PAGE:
Princeton School of Architecture is pleased to announce UnBuilding Building, an online exhibition by the 2020 Post-Professional M.Arch Thesis class coordinated by Professor Jesse Reiser. The website showcases projects by five students—Catherine Ahn, Esra Durukan, Sarah Etaat, Kyle Weeks, and Olga Zakharova—collectively named "V".
Our built environment is in a constant state of destabilization by changing environments, influences, and functions. In a landscape where architecture is often pushed to sublimate into other types of creative practices, permanence in architecture is no longer something that can be taken for granted. We confront this question of permanence of buildings through actively constructing
The annual DesignIntelligence architecture school ranking for 2020 classified the establishments according to the “most admired” rather than the “best”, for the second year in a row. The subjective classification is based on the responses of hiring professionals.
Sir David Adjaye has been selected as design architect for the new Princeton University Art Museum. Working in collaboration with executive architect Cooper Robertson, Adjaye will engage with the design of a “cultural gateway” located on the museum’s current site at the center of Princeton’s campus.
The new museum will present “dramatically enlarged space” to exhibit and showcase the institution’s extensive collections, as well as classrooms and office space for 100 staff.
https://www.archdaily.com/902332/sir-david-adjaye-will-design-princeton-art-museum-to-be-a-place-of-mind-opening-encounterNiall Patrick Walsh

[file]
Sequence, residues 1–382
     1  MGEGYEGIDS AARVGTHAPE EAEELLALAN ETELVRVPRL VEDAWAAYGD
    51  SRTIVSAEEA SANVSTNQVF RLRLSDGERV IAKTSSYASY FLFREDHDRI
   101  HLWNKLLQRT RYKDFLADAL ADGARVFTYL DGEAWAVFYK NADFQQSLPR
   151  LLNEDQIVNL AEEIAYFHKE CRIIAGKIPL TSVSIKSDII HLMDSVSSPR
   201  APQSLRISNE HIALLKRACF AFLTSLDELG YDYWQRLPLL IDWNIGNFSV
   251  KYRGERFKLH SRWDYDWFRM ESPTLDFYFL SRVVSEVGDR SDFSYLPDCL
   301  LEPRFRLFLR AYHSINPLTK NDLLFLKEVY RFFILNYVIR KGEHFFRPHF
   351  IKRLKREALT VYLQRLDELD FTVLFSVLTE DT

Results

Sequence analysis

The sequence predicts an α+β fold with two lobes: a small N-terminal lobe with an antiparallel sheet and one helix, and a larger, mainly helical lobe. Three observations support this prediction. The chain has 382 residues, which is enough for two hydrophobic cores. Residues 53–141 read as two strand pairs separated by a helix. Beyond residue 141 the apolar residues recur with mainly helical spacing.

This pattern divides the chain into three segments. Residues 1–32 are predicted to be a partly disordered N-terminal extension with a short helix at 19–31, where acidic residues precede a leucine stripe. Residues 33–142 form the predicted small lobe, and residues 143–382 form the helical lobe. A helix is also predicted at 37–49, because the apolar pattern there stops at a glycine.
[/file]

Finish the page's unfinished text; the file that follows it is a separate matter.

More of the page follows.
Opening its doors last fall, Princeton University's Lewis Arts Complex by Steven Holl Architects and BNIM created a new campus gateway and state-of-the-art facilities for the arts. Expanding performance, rehearsal and teaching spaces, the complex has now been featured in a video directed by Spirit of Space. The footage shows how the building was designed to shape campus space while maximizing porosity and movement. Welcoming its second year of students, the complex is made to take the arts at Princeton to even greater heights.
Free and open to the public, the full list on DesignIntelligence’s website offers comprehensive top-10 listings at both Undergraduate and Graduate level across the twelve categories, attained from surveys from approximately 6000 professionals, 360 academics, and 5500 students. Below, we have summarized the findings in a top-5 format, with the full listings ready to be explored on the official website here.